I’d like to take the time and opportunity to reflect on our experiences at the Madison Mini Maker Faire and talk about each of the wonderful projects our team at Delve has been able to put together to share with the public, while hopefully inspiring young minds to be open and grow.
Over the past four years, we’ve gotten progressively better at what works well for this event and what doesn’t. We’ve been learning each time we do this event – just how much work, effort, and time has to go into it to pull it off successfully and keep the kiddos flowing through the booth with smiles and lasting memories.
Our first year (2016), we decided to give away jellybeans. But in order to get the candy, you had to craft a basket/container to hold it. This gave way to kids trying to make some huge baskets while others just wanted a small handful. The baskets that held candy were made from various materials such as paper, plastic, pipe cleaners, tape and origami techniques, which all the participants had to design themselves. As we used our engineering and industrial design talents to assist in these creations, we learned quickly that we didn’t have enough working space to fold and create. We had to adapt and were able to occupy a whole other booth space just to keep the crowd flowing. We quickly ran out of candy and supplies and had lots of satisfied people.
In 2017, we wanted to explain the process of injection molding and all that must go into the simple products we use on daily. We decided to design and make Dragon Rings that shot out little disks. We had the benchtop injection molder, computer, and CAD all set up to walk people through the process. We even were making parts right on site. We learned people were less interested in the process and just wanted to build the ring and shoot the disks at our targets. We had significantly less traffic with this project, but for the people who did participate, they got to have lots of fun target practicing with their wearable projectile shooter.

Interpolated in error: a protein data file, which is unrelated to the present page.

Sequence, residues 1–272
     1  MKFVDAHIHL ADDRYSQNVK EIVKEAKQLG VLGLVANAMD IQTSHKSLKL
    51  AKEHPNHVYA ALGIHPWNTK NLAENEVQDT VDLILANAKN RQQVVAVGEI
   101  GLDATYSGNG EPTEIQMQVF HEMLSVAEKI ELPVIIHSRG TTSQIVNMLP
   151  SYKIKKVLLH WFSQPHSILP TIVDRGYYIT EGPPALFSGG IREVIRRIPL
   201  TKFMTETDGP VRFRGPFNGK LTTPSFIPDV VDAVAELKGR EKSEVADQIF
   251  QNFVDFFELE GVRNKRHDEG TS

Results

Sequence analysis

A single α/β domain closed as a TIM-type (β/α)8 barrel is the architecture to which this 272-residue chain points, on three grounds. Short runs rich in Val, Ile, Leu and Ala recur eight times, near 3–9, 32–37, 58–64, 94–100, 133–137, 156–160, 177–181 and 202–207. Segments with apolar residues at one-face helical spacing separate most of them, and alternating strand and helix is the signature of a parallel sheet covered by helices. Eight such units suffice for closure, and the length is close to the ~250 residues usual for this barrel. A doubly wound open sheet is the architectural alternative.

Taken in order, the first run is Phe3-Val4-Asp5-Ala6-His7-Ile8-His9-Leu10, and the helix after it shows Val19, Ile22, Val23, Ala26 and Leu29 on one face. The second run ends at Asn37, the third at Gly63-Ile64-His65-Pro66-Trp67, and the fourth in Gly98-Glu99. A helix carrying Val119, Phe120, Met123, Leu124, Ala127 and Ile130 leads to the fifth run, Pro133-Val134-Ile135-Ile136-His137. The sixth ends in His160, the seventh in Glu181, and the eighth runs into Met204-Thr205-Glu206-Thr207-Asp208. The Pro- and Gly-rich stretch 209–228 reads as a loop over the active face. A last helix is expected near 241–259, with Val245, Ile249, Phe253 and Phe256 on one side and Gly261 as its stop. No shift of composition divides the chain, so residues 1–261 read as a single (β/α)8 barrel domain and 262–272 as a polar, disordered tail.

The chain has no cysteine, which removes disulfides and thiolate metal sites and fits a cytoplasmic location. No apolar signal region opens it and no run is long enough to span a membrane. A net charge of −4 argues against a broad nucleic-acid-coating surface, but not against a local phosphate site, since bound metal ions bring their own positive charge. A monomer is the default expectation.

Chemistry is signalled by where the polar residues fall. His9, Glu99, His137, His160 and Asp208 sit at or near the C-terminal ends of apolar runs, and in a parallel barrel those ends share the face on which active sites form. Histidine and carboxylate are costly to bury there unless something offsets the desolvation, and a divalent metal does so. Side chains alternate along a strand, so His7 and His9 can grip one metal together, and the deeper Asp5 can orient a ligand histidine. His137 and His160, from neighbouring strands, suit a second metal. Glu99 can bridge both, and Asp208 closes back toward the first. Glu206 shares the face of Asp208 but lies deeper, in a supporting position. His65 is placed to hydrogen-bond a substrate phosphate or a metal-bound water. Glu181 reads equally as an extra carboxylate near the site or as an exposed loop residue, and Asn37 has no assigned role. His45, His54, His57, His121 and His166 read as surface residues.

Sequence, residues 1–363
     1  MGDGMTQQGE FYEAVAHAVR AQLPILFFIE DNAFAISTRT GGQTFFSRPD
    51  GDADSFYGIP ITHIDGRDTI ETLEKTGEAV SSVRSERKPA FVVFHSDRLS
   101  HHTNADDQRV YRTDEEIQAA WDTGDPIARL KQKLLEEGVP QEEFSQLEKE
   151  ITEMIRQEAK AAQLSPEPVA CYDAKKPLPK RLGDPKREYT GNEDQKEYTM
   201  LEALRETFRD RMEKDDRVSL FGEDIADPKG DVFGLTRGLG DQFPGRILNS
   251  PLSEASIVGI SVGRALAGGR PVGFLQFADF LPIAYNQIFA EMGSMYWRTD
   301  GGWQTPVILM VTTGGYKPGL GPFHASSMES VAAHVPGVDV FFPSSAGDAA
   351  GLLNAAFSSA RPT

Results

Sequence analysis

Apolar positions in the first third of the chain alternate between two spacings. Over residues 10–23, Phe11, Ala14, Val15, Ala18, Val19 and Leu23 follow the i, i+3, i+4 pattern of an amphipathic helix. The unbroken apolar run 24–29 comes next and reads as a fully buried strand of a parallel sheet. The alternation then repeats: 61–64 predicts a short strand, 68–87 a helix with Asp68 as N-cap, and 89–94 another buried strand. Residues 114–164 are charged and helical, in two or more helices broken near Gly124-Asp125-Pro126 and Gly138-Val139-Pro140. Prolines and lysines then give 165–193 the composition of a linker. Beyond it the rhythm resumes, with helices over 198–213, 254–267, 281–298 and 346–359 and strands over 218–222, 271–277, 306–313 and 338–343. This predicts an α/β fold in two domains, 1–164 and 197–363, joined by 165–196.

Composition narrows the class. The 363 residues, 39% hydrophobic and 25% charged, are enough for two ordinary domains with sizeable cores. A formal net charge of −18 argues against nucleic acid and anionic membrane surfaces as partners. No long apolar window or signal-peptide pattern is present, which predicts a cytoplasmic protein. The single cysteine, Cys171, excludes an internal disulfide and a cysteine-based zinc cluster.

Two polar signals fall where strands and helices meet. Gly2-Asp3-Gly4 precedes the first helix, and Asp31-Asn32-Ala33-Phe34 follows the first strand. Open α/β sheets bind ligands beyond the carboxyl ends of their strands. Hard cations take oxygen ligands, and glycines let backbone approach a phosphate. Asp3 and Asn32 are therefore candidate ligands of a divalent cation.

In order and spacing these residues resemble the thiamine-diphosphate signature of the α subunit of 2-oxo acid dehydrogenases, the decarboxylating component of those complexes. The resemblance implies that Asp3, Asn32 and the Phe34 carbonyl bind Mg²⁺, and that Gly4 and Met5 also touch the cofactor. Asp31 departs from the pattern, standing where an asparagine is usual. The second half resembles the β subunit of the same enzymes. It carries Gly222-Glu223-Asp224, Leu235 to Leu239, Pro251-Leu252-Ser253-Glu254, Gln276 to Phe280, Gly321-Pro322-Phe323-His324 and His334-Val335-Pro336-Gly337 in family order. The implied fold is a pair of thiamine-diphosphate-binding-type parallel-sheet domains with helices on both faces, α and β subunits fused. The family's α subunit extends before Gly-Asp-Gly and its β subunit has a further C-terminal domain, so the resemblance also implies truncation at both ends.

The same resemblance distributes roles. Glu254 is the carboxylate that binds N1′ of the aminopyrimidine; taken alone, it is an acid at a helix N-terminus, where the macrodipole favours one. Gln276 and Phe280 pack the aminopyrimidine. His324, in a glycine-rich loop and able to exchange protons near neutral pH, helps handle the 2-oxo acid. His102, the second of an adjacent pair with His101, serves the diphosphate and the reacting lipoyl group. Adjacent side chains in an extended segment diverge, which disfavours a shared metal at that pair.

For 2018, we created a whirlwind of spinning, crashing Battle Tops. We offered up a variety of parts to build a spinning top that you could test in our battle arena. Shown on the big screen, participants tweaked a variety of ways to build and destroy each other’s creations. As plastic parts flew, and the crowd went wild over the performance of their tops, we realized that projects which people get to build and take time to make themselves is really what they want.
So, this year’s Maker Faire project was by far the most complicated yet fulfilling project we’ve done to date. It combined over 10,000 parts that were either purchased or fabricated in house to make the 500 bracelets we were giving away, along with a team of assemblers and a packaging train of employees. The whole kit consisted of mechanical sub-assemblies, a sheet metal switch, laser cut acrylic gears and plates, bushings, battery, LED, and a silicone-coated spring steel. We based the fun on fire, water, electricity, wind, and earth elements, color coordinating the bands and LEDs to create teams of kids that could build and power up their bracelets and wear them with pride. We had parents and kids trouble shooting, bending, twisting, and lighting up the bracelets showing them off to others around the faire.
We believe it’s truly fulfilling to build and make something that you can be proud of. Our power bands helped build the confidence of these young aspiring kiddos to light the way into their futures. We look forward to participating in next year’s event and hope to bring another cool project to fruition and share.
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